Like many people, I’m still reeling from the bizarre, ill-considered piece of legislation that recently went into effect which (among other things) makes it illegal for Americans to buy, sell, or barter children’s books published before 1985.
I graduated from high school in 1986. That means all the books I read growing up, all the precious copies my sisters and I absconded with when we left home and all the ones waiting for our kids in our old bedroom closets, could now be considered, according to the Consumer Product Safety Improvement Act (CPSIA), a form of hazardous waste. It is against the law to sell them and possibly even to give them away.
Quite often on this blog I find myself encouraging readers to look for certain out-of-print gems, children’s books I think no child should miss. Some of these books were published in the dark ages—that is, prior to 1985. There’s no point in my recommending them anymore; no one can sell them to you.
Which is a very great pity.
Alicia at Love2Learn began a meme for sharing treasured titles CPSIA now makes illegal to sell or swap. Here are some of our favorites. I’m sorry you can’t buy them anymore, even from used vendors at Amazon Marketplace.
That’s Good, That’s Bad by Aliki. I posted about this beloved picture book here—beloved especially by Scott. This is his childhood copy, fragile now, kept on a high shelf and read at special times with great ceremony.
Christina Katerina and the Box by Patricia Lee Gauch. This one belonged to my sisters and me, growing up, and I’ll probably be in trouble when they read this post and discover I snagged it from our parents’ basement. One of my favorite picture books ever because it rings so true. Christina’s mother gets a refrigerator and lets her play with the box, aka the pirate ship/clubhouse/racecar/ballroom/etc etc etc. It sort of drives the mother crazy, and I can so relate to that, wanting on the one hand to allow the kids to play the superawesome game they’ve got going with the big old cardboard box that takes up half the living room, but on the other hand THERE’S A BOX TAKING UP HALF THE LIVING ROOM. When Scott really wants to get my goat he’ll tell me I’m being like Christina Katerina’s mom.
The Mission Bell by Leo Politi. A gem of a book about a California mission, a gift for Wonderboy from his godmother a few months ago. Good thing she sent it before February 9th.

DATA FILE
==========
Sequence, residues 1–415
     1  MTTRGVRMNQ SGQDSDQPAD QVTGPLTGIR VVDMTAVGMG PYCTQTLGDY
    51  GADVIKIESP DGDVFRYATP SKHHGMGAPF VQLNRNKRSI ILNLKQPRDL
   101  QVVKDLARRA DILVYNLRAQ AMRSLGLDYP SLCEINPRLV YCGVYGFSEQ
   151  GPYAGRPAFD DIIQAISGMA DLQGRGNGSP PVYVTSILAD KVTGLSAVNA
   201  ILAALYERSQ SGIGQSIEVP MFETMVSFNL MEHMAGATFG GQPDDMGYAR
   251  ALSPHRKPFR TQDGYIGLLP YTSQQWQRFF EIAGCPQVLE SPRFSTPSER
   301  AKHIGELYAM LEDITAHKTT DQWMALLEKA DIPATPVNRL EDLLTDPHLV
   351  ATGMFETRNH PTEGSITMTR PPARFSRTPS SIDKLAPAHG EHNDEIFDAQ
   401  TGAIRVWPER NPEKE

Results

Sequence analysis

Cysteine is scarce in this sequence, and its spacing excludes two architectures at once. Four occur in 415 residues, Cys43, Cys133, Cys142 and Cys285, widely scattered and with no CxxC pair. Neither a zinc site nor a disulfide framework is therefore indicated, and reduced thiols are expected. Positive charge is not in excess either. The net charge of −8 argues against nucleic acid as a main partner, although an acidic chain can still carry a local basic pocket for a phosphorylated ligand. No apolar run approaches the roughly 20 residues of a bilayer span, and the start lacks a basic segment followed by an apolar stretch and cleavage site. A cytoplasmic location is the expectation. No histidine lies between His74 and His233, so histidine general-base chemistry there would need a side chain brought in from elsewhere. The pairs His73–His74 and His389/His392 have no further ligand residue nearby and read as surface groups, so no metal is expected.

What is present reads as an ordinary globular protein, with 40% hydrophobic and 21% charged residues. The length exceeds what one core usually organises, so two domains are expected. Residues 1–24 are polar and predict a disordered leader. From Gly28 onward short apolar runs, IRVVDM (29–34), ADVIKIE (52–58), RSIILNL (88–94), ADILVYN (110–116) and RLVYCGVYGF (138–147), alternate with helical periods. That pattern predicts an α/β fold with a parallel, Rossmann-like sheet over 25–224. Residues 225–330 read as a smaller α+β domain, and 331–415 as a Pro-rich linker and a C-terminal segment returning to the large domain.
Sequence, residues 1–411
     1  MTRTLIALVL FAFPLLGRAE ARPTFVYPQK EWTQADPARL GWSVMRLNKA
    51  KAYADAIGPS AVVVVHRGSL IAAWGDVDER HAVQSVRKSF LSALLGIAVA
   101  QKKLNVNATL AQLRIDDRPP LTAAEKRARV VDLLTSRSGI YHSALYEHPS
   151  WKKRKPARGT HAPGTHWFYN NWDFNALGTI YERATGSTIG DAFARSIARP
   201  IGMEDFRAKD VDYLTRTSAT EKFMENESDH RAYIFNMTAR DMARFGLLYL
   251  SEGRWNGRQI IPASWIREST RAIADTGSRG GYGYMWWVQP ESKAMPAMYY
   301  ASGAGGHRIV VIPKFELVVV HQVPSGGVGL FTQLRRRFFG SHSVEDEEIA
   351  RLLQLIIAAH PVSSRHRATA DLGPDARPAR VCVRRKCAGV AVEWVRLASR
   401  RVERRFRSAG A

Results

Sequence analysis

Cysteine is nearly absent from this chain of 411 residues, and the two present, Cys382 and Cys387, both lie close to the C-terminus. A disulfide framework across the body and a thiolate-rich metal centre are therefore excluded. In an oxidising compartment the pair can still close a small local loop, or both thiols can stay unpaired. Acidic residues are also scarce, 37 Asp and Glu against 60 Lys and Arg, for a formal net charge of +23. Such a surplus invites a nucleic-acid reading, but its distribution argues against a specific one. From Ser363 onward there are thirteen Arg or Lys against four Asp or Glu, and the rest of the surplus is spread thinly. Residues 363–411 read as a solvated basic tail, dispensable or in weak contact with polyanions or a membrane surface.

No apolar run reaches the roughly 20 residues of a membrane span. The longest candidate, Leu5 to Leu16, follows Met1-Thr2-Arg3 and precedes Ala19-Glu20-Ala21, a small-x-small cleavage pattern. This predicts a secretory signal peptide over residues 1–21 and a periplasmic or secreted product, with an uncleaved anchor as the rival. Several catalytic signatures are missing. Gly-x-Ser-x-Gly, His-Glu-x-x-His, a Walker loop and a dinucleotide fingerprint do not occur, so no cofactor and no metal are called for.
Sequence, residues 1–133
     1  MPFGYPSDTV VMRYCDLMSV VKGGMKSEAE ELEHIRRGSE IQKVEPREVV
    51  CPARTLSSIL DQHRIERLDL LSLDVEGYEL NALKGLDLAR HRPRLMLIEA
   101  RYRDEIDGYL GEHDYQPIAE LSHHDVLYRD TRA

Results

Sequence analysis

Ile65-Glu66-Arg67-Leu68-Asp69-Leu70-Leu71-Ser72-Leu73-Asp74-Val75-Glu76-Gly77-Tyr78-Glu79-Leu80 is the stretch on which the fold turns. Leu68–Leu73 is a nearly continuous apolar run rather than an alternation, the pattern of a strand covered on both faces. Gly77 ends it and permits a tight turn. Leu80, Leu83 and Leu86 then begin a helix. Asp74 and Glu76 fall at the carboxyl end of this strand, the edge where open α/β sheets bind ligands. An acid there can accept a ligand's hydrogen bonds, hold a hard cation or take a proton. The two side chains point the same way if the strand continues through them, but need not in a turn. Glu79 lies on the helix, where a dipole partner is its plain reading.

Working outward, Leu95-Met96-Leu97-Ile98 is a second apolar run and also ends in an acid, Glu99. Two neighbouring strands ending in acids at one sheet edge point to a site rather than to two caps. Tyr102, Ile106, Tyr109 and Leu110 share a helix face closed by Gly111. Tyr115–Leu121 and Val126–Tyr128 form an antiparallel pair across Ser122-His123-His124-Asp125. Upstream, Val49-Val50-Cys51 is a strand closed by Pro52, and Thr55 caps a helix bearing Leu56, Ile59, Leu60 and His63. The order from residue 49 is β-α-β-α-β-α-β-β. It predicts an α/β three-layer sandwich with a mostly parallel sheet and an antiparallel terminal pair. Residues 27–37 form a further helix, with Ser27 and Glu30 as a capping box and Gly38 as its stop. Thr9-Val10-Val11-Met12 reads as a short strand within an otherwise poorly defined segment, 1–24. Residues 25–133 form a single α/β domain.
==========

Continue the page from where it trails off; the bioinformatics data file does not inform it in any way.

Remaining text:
Johnny Crow’s Garden by Leslie Brooke. I wrote about this absolute masterpiece of a picture book last year: read about it in Noel Perrin’s A Child’s Delight, ordered it online from a seller of used books—something it is now illegal to do—and about jumped out of my skin with excitement when it arrived and I saw the illustrations and remembered reading the book as a child. “A stork…gave a philosophic talk…in Johnny Crow’s garden.” Rilla adores it now and the older girls chuckle as I read it to her, so amusing is the text. Oh, I’m so very sad that you can’t all run straight to Amazon Marketplace and order a copy. This is so wrong.
When I first started reading homeschooling message boards, people were always talking about the Childcraft books, a set of encyclopedias organized by topic. Occasionally someone would score a set at a yard sale and there would be much envious oohing by the other moms. Imagine my delight when Scott’s mother produced a complete set from her attic, one summer day: “Would you like these for your kids?” Scott (who knew nothing of the online buzz) whooped and said “THERE THEY ARE! I loved those books!” and I whooped and said “I’ve heard so much about those books!” and of course we snatched them up. I think Jane has read the whole set cover to cover. We love them. They are in frequent use.
It’s against the law to sell them now, even at a yard sale.
The meme roundup at Love2Learn has many links to more information about CPSIA, including the advice to contact your congressman.
Booknotes: The Kitchen Madonna
“The exquisite touch, which renders ordinary commonplace things and characters interesting…is denied to me.”
New York Set to Deny Special Services to Homeschoolers
This Week in Rillabooks
Out of Control